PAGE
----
Research

In Purdue’s Department of Speech, Language, and Hearing Sciences (SLHS), faculty and students collaborate to make discoveries that define cutting-edge clinical practice and advance basic scientific knowledge related to human communication.

Research Areas

Hearing Science; Hearing Disorders

Faculty who study hearing science and disorders in the Department of Speech, Language, and Hearing Sciences focus on a variety of topics, including computational modeling, hidden hearing loss, neurophysiology and electrophysiology, psychophysics and speech perception.

Language Science; Language Disorders and Disabilities

Researchers in the Department of Speech, Language, and Hearing Sciences study language science, disorders and disabilities to advance discovery across topics such as aphasia, autism spectrum disorder (ASD), language development, language disorders, linguistics and sign language.

Speech, Swallowing and Voice Science; Speech, Swallowing, Voice Disorders

To improve quality of life and help people communicate effectively, faculty in the Department of Speech, Language, and Hearing Sciences investigate dysphagia, fluency disorders, neurogenic problems, speech and sound disorders, and voice disorders.

Center and Institutes/Laboratories

Attention and Neurodevelopmental Disorders (AtteND) Lab

The Attention and Neurodevelopmental Disorders Lab investigates attentional strengths and weaknesses in individuals who are at risk for or diagnosed with autism spectrum disorder (ASD) to identify new targets for intervention as well as improve current intervention strategies. This research provides insight into how attention affects the development of social and communicative abilities in typically developing children and children with ASD.

Brandon Keehn

Aphasia Research Laboratory

The Aphasia Research Laboratory focuses on how language processing is affected by aging and acquired neurological conditions (stroke, Parkinson’s disease) and identifies the factors that facilitate language recovery in individuals with aphasia. The findings provide insight into how language is stored and processed in the brain and aid in the development of intervention approaches for people with aphasia.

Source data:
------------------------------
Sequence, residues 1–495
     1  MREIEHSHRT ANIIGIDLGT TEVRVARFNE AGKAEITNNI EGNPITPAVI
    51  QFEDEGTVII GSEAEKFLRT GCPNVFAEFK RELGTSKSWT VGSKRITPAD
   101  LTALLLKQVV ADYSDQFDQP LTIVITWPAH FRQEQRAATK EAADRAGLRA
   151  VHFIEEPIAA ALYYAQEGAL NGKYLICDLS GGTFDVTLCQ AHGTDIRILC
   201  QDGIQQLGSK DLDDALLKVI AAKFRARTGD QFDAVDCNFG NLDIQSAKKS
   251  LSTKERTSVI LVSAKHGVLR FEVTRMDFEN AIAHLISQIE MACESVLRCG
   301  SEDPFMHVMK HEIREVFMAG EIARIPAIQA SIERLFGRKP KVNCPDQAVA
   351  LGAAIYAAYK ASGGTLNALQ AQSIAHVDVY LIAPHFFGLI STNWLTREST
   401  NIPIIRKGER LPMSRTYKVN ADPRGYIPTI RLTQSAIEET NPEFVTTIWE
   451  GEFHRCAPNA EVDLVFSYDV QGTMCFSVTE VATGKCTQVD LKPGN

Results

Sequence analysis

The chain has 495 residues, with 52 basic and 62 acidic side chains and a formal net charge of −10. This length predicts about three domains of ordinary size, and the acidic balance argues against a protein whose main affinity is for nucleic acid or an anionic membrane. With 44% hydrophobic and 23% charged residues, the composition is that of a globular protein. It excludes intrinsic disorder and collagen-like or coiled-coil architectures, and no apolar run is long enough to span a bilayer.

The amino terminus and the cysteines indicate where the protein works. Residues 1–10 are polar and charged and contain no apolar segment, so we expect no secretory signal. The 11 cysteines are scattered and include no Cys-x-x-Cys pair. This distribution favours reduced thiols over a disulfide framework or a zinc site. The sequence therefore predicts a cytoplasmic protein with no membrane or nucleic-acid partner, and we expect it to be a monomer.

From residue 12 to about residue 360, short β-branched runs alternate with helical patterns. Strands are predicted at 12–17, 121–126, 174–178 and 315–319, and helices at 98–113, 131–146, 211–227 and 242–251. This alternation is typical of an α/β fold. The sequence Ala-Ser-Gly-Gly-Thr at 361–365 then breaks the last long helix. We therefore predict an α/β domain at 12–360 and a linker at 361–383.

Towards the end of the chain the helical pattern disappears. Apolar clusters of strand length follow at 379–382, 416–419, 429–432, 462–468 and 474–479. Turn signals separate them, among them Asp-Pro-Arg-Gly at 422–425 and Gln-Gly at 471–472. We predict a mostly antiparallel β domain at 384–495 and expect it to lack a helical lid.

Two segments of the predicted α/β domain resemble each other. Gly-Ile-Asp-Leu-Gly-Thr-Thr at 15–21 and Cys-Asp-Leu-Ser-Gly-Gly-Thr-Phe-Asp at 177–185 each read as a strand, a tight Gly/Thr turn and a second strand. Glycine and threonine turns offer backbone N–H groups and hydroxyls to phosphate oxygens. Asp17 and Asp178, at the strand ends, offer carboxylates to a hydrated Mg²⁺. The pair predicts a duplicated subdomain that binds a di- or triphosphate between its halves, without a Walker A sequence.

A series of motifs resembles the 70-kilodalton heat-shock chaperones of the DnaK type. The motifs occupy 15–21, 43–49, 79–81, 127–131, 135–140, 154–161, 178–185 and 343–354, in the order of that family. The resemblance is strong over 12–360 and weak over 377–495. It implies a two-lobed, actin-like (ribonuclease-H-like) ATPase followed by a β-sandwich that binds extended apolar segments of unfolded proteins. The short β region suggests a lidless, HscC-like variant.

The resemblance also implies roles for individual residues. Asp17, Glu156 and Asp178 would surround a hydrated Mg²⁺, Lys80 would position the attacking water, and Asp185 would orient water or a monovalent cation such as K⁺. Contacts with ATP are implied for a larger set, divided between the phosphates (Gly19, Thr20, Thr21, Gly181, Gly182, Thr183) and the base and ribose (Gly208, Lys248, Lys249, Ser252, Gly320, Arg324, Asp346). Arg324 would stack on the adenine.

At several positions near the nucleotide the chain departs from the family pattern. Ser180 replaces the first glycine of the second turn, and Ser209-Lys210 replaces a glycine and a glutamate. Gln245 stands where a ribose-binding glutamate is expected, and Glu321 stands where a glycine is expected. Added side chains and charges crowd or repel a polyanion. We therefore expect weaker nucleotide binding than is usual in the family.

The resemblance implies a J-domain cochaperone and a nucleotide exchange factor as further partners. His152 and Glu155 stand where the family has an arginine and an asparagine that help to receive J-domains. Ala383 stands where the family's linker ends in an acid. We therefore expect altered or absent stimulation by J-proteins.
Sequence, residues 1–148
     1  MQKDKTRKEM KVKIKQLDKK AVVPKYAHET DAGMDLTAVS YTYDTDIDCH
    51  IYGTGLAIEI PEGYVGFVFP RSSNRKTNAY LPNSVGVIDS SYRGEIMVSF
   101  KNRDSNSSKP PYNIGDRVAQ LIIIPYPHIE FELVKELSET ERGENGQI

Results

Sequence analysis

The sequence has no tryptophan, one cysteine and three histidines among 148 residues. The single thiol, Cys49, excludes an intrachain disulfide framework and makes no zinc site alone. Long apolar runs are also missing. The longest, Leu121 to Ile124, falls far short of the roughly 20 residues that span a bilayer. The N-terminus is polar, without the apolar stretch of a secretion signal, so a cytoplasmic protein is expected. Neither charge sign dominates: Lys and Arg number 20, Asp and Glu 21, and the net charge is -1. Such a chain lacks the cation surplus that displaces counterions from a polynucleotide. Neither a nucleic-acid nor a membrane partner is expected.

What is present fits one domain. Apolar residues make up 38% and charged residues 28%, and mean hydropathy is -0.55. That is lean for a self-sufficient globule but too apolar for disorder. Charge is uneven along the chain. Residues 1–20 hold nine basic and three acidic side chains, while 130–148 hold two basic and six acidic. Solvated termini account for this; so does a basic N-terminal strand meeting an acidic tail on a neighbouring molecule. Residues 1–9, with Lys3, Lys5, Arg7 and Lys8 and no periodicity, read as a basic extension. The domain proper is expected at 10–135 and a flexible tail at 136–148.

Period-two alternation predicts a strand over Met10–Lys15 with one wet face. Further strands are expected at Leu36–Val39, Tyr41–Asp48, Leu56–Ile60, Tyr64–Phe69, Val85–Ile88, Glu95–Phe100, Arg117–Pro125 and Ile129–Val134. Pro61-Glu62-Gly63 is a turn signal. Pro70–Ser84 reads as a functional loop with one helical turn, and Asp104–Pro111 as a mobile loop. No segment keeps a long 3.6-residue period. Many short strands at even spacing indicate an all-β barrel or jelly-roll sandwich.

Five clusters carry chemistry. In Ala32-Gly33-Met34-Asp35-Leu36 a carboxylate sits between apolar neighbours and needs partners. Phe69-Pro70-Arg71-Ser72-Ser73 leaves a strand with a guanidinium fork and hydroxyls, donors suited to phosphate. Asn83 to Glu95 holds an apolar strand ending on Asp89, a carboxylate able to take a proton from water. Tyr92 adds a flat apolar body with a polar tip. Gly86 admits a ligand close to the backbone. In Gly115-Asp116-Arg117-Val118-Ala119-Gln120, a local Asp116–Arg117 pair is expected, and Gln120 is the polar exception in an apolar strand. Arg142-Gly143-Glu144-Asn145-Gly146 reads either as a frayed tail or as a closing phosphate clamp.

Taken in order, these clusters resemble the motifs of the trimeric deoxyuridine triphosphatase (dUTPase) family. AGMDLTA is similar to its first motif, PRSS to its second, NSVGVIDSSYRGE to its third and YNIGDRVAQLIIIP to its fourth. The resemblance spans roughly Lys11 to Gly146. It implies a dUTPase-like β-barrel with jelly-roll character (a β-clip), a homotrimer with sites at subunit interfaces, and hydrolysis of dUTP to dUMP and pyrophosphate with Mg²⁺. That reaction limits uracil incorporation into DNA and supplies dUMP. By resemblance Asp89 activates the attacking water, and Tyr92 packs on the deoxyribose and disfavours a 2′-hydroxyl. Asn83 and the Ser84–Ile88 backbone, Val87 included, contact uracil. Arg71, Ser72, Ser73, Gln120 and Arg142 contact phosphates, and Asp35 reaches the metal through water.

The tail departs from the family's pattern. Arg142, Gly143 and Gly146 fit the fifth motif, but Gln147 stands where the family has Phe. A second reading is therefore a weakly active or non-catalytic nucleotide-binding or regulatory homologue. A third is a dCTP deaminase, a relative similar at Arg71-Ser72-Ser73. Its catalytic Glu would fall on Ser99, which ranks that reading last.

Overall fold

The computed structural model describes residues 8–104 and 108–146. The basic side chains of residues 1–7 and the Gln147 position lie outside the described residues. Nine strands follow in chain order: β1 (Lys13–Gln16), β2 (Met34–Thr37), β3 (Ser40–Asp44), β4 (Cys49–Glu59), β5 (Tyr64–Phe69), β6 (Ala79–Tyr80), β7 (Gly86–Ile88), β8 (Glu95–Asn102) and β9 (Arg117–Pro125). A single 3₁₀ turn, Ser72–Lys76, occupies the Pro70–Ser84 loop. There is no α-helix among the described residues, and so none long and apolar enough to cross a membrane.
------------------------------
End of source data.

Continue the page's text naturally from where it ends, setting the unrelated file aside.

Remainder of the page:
Jiyeon Lee

Lab Website

Auditory Cognitive Neuroscience Laboratory

When listening to speech in a noisy public place, most adults find it easier to understand the speaker if they can see the person’s face because facial movements can provide a great deal of information about speech content. However, this ability to use visual speech cues when the sound quality is poor is not present at birth and develops gradually in children. To better understand this, the Auditory Cognitive Neuroscience Laboratory studies how and when children learn to use visual speech information and how their language development may be negatively affected if they fail to acquire this skill. We work with typically developing children and also with children who had delayed language acquisition.

Natalya Kaganovich

Lab Website

Auditory Electrophysiology Laboratory

The Auditory Electrophysiology Laboratory uses electrophysiological measures to understand the neural representation of complex sounds in normal and impaired ears at the brainstem and cortical levels and how these representations are shaped by experience. The long-term objective is to enhance the encoding of behaviorally relevant dimensions of sounds and determine their relative roles in the temporal structure of sound. We are also interested in evaluating the nature of the interplay between early sensory level processes and later cognitive levels of processing.

Ravi Krishnan

Lab Website

Auditory Neurophysiology and Modeling Lab

Research in the Auditory Neurophysiology and Modeling Laboratory involves the coordinated use of neurophysiology, psychoacoustics and computational modeling. This multidisciplinary approach provides a powerful framework to enhance our understanding of the effects of different types of sensorineural hearing loss on neural and perceptual responses to sound. This knowledge will be extremely valuable for developing diagnostic tests, evaluating the limitations of current hearing aids and suggesting novel strategies for hearing aids and cochlear implants.